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SoCal Gym Hopping: Golovkin, Molina Brothers, More

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SOUTH EL MONTE-For one summer-like Saturday afternoon the city of South El Monte was the boxing hub for former Olympians now fighting professionally.

Flanked by El Monte, Rosemead, Whittier and Pico Rivera, the small suburban city of South El Monte welcomed Olympians of the past such as WBA and IBO middleweight champ Gennady Golovkin, Javier and Oscar Molina, and Oscar Valdez. Plus, a number of great prospects such as Alex Luna, Joel Diaz, Ramon Valadez, Daniel Ramirez, and Emanuel Medina.

It was quite a batch of great young fighters.

The fair-sized boxing gym was packed with trainers, corner men and a few supporters that came to watch the tournament type of sparring.

Abel Sanchez drove down with his crew from Big Bear Lake and was one of the first to arrive. Soon the others arrived and began to prepare for the sparring session that rivaled a big fight card. Ben Lira, the trainer at South El Monte, and Sanchez organized the sparring session.

Golovkin came along “just to help out,” said Sanchez. Later in the afternoon Golovkin’s manager Tom Loeffler showed up to see the action. The middleweight champion was not slated to spar but has begun preparing for his upcoming world title defense against Japan’s Nobuhiro Ishida on March 30. It takes place in Monaco and will be televised on HBO.

“He’s a difficult fighter. He beat James Kirkland so it won’t be easy,” said Golovkin, 30, who recently defeated Gabriel Rosado in New York City this past January. “I’m fighting him in Monte Carlo.”

Golovkin filmed the sparring sessions of his stablemates Valadez and Diaz. In between the sessions he spoke with me regarding a number of topics such as his failed attempts to meet Dmitry Pirog in the ring.

“First they said yes, then they said no, then they say yes,” said Golovkin about the multiple attempts to meet Pirog in a middleweight unification bout. “They said he hurt his hand. I don’t know much more. I have to take what they tell me.”

Golovkin is one of the most congenial prizefighters today and his English is improving in leaps and bounds. He’s like the big brother to all of the many fighters that live and train in Sanchez’s The Summit Training camp in Big Bear Lake.

The first to spar was Oscar Molina and Emanuel Medina, who started tentatively and increased the tempo each round. By the time they entered the final round both were unloading menacing shots to the head and body as several dozen people watched intensely.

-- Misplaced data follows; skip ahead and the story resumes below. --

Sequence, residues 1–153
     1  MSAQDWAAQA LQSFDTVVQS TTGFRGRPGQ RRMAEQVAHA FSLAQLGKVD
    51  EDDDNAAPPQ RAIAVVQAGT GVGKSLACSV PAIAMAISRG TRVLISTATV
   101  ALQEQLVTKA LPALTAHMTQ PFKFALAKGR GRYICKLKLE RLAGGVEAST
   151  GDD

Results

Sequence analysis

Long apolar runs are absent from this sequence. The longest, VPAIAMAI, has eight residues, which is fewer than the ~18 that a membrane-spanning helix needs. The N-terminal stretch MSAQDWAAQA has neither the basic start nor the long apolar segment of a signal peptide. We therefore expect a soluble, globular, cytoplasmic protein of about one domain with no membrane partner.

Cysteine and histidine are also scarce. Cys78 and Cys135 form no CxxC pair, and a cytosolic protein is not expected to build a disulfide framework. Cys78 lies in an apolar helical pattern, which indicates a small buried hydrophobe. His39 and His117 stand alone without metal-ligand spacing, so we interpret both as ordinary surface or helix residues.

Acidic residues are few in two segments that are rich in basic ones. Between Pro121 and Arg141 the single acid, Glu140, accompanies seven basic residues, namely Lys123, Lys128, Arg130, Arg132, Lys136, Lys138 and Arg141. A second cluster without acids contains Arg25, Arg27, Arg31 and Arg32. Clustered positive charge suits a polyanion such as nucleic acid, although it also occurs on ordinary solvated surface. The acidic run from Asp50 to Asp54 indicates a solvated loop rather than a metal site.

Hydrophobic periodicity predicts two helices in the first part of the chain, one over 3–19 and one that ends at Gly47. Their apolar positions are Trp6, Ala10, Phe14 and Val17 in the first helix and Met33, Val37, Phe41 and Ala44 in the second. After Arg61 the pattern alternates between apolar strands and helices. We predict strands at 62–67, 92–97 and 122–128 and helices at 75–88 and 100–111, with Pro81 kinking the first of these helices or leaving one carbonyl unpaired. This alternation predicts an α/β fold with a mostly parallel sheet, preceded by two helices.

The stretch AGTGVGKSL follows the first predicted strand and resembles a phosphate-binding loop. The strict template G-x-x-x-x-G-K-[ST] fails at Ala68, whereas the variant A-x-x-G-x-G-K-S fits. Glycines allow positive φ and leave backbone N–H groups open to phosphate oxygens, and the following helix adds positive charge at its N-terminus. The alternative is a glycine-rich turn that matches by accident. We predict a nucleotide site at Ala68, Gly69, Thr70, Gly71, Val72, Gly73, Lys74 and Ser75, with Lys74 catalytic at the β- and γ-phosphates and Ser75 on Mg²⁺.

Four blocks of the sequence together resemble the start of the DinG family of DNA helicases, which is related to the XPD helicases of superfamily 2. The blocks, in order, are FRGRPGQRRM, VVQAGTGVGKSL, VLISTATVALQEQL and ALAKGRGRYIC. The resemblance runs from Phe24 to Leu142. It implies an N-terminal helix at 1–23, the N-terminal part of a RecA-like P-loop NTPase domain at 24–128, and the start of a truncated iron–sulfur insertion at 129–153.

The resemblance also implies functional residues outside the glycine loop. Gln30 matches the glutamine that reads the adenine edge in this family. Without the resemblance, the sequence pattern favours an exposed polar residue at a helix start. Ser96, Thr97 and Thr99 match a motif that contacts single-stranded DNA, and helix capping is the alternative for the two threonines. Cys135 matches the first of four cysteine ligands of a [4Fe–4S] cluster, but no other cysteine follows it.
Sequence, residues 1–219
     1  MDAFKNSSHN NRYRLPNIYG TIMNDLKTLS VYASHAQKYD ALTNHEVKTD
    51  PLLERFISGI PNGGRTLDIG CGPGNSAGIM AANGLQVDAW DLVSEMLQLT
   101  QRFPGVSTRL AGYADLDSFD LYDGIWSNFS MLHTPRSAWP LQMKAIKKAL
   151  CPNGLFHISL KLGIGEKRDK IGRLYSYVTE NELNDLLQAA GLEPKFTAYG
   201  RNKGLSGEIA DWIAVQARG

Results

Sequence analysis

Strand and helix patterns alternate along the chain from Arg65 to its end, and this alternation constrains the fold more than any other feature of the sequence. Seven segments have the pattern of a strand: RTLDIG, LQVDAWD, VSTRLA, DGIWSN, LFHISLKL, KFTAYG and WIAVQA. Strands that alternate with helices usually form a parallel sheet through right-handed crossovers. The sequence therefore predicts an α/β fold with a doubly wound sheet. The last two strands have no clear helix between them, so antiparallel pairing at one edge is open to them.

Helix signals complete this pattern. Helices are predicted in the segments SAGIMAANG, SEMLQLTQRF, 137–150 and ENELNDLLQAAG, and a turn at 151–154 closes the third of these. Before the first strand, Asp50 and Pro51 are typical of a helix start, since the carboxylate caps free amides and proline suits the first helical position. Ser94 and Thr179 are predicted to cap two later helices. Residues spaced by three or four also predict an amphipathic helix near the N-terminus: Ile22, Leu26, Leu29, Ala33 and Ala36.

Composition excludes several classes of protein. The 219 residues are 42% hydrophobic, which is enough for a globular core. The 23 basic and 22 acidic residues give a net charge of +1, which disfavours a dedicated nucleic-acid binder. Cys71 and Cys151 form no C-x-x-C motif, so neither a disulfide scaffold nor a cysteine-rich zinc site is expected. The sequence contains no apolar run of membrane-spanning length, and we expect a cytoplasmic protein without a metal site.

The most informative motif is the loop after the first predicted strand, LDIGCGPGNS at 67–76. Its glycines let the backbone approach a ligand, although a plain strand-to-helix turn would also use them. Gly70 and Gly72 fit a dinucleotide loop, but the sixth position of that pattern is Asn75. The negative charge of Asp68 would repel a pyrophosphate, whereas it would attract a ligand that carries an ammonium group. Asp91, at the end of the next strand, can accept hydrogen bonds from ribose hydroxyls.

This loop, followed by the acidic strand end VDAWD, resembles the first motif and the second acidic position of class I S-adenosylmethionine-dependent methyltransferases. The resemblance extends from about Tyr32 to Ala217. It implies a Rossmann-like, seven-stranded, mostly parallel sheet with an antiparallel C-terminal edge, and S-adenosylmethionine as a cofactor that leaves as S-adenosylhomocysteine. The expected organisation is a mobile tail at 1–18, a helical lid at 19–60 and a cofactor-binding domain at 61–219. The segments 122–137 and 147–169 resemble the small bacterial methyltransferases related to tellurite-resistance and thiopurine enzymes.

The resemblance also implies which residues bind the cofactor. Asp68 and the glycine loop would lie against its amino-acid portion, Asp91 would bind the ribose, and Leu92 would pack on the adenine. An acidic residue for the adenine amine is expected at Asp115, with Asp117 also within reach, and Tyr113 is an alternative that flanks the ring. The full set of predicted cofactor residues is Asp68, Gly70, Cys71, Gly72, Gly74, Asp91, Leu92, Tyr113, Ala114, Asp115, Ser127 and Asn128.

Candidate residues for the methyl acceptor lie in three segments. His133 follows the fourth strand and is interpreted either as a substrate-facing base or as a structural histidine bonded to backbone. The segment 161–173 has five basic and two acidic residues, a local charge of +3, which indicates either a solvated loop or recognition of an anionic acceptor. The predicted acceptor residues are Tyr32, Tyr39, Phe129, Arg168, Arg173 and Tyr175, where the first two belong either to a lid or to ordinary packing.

Next were Ramon Valadez and Oscar Valdez. There was a quick explosion of punches in the opening bell as both dropped bombs on each other. Unlike the previous sparring session, this one slowed a little more each round after the initial start. Valdez has been working on his jab, said his trainer Clemente Medina. Valadez is looking to fight soon in March, said his manager Hector Ibarra.

The final sparring session saw knockout artist Joel Diaz of Lancaster get in the ring with amateur Daniel Ramirez. Diaz didn’t step on the gas but worked on his inside fight game against the promising looking Ramirez. Every so often Diaz would unload the goods but kept the bombs at a minimum. Ramirez worked well for not having a pro fight. His stable mate said he will be making a pro debut very soon.

Diaz, 20, a junior lightweight prospect working under Abel Sanchez, has nine consecutive knockout victories in 11 pro fights. So far only one fighter has heard the final bell against the hard-hitting 130-pounder. Golovkin taped the entire sparring sessions. The Big Bear team is very cohesive, like a collegiate athletic squad. They’re very close and take care of each other. It shows from the top to the bottom. All are very supportive of each other. Golovkin was the most popular of all the fighters in the South El Monte gym. He stopped numerous times for photo requests.

One of the trainers remarked, “Isn’t funny to see such a happy looking guy outside of the ring?” Of course, inside the ring is another matter altogether.

Before Golovkin departed we talked about a number of options he has in the boxing ring. Sergio Martinez, Julio Cesar Chavez Jr. are both viable challenges. The South El Monte gym is just a few miles from Montebello, where another middleweight contender trains, named Sergio Mora.

“He’s a very complicated boxer to fight,” said Golovkin, using his head and hands to emulate Mora’s movements. “He is a very good boxer.”

Golovkin took all of the casual questions in stride as he strode around the gym. Many of the other fighters asked to pose with the middleweight champion who’s about to enter another championship level.

This might be the year of GGG.

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Fast Results From London: Joshua Takes Out Povetkin in the 7th

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UK sporting